Salmonellosis in poultry
A wide variety of serovars are prevalent among chicken, turkeys, ducks and geese. The poultry is an important reservoir of salmonellae. The common diseases in poultry are pullorum disease or bacillary white diarrhoea due to infection with S. Pullorum, fowl typhoid due to S. Gallinarum, and fowl paratyphoid due to other serotypes. S. Gallinarum and S. Pullorum are considered to be identical in all respects except pathogenicity. Serologically both are identical.
Pullorum disease: The adult birds are symptomless carriers. The infection persists in ovaries. Some of the eggs laid by birds with infected ovaries carry the organisms in yolk. These infected eggs when hatched constitute the source of infection to other chicks in the incubator and hatcher. The faeces of infected chicks contaminate the environment thus spreading infection to other chicks. Some young chicks which survive infection may remain as symptom less carriers.In young chicks the disease is acute, septicaemic and highly fatal. When the disease is less acute the chicks appear sluggish; there is loss of appetite and thirst, drooping wings and ruffled feathers. Some chicks show nervous symptoms. Diarrhoea is generally present and vents of chicks are covered with whitish faeces. The duration of illness is 2 to 3 days. The disease in adult birds is of chronic type. The affected birds may not show any symptoms except lowered egg production. The lesions of dead chicks show congested spleen and yellowish liver streaked with haemorrhages. In adult hens the ovary is pedunculated and misshapen ovules are found detached in abdominal cavity. Adult birds died of acute disease show congested level with necrotic areas. Spleens and kidneys are also enlarged and congested.
Diagnosis: It can be arrived at by the history of disease in a flock, symptoms of ailing birds and lesions. A final diagnosis depends upon the isolation and identification of causal organisms. The diagnosis in carrier birds is made by various modifications of bacterial agglutination like tube-agglutination test and rapid whole blood test.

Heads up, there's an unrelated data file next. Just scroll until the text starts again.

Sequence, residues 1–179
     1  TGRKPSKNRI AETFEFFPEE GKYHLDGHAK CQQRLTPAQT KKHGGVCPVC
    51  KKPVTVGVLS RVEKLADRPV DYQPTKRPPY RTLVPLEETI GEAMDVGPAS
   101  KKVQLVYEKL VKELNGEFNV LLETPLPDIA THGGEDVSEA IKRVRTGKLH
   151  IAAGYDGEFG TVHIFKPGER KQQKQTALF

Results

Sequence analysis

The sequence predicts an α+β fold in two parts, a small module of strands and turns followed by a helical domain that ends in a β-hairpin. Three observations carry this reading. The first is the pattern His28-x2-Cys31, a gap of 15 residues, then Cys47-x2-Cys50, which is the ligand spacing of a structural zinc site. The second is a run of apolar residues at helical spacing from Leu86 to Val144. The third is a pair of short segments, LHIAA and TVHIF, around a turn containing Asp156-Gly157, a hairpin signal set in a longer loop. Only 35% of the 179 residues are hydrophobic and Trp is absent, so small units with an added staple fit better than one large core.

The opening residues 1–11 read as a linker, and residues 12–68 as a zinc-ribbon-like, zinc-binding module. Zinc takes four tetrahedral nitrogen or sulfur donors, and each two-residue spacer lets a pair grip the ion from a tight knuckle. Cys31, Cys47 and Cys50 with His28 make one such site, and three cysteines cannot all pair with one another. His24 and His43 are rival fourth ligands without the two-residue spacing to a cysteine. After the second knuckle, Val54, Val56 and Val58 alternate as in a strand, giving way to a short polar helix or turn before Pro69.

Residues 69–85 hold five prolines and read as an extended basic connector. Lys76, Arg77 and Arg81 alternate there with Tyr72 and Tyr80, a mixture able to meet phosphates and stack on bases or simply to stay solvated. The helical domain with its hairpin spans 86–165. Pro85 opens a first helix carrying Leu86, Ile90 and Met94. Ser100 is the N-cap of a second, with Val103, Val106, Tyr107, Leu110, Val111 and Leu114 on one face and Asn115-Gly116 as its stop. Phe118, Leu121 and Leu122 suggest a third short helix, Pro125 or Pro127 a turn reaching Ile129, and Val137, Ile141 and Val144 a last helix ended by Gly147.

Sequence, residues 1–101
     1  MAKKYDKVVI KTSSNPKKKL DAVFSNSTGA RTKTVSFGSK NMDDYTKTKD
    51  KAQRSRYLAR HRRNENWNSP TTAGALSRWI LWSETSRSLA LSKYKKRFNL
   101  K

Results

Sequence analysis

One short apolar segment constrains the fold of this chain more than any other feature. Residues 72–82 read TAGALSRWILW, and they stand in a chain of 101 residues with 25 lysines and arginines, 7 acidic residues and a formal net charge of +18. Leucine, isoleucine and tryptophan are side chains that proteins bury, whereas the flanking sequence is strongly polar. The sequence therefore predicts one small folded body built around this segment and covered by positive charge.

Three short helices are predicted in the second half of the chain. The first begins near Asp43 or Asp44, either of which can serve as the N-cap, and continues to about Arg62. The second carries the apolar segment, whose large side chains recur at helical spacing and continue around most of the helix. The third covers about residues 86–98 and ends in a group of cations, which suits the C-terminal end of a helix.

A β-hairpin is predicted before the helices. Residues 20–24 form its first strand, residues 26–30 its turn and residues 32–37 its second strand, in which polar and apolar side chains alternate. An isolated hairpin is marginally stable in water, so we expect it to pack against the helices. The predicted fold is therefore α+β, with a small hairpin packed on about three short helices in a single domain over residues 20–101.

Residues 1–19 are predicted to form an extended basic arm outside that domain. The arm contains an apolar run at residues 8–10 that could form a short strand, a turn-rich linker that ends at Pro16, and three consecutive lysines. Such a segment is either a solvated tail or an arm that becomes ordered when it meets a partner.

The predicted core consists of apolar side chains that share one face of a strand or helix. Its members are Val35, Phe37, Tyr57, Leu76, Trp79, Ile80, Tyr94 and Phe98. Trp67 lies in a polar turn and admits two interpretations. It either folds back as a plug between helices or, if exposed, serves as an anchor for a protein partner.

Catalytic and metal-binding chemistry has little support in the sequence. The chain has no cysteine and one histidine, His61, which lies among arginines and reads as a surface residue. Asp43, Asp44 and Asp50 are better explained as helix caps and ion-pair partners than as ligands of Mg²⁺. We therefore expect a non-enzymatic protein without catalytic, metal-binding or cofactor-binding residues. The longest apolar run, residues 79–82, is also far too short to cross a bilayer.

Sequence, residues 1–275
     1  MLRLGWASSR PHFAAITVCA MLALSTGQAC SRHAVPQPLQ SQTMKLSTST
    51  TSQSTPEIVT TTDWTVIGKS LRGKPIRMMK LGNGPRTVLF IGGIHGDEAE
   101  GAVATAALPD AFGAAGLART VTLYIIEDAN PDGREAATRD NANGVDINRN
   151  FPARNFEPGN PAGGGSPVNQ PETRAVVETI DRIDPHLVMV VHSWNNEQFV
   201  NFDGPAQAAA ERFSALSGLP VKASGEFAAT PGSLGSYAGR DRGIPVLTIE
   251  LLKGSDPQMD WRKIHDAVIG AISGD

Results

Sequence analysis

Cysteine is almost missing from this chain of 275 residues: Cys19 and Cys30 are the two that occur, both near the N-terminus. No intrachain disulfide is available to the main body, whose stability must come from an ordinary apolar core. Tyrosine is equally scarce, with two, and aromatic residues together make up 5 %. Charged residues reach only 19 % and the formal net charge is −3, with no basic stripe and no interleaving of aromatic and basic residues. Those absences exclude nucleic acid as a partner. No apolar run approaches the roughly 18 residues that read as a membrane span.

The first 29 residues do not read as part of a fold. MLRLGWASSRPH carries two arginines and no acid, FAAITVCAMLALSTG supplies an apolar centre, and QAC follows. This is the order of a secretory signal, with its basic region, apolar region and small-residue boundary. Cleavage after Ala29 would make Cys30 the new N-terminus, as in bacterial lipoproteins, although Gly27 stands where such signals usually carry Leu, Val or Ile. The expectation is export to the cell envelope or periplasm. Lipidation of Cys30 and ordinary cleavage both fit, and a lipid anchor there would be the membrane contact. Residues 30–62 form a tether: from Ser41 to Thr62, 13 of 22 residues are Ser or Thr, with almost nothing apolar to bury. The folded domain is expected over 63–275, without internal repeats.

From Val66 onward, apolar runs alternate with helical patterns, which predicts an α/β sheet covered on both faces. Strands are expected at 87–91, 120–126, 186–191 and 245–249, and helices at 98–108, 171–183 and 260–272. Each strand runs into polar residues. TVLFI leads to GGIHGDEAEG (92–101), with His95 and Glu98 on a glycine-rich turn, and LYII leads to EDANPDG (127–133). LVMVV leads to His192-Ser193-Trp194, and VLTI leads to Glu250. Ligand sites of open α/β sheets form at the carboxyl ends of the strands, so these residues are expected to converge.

Control: To control the disease, serological tests like rapid whole blood test should be applied to detect carrier birds. The carrier birds as well as the survivors should be slaughtered. Incubators and hatchers should be fumigated with formaldehyde. In India, Salmonella Pullorum coloured antigen is used to identify the prevalence of the disease in young chicks and usually salmonella free chicks are distributed for commercial rearing.
Fowl typhoid: The infection of fowl typhoid also passes from hen to chick like pullorum disease. The common route of infection is by ingestion. The disease is of varying severity among growing birds. A high proportion of birds become carriers. They excrete S. Gallinarum intermittently in faeces. The disease in chicks is indistinguishable from pullorum disease. It is common among young stocks and adult birds causing a mortality up to 50% in acute outbreaks. The birds are listless and show diarrhoea with greenish faeces and purple discolouration of comb and wattles. The liver is congested and enlarged with multiple necrotic areas. Spleen also shows similar lesions. The small intestine may show catarrhal inflammation with petechial haemorrhages.
Diagnosis: The causal organism can be isolated from heart blood and visceral organs. The tube-agglutination test and whole blood rapid agglutination test can be used for detecting fowl typhoid in living birds.
Control: The measures to control the disease are similar to those used in pullorum disease. Vaccines have been developed using avirulent variants and rough variants such as 9R. Cross protection using S. Enteritidis has been reported.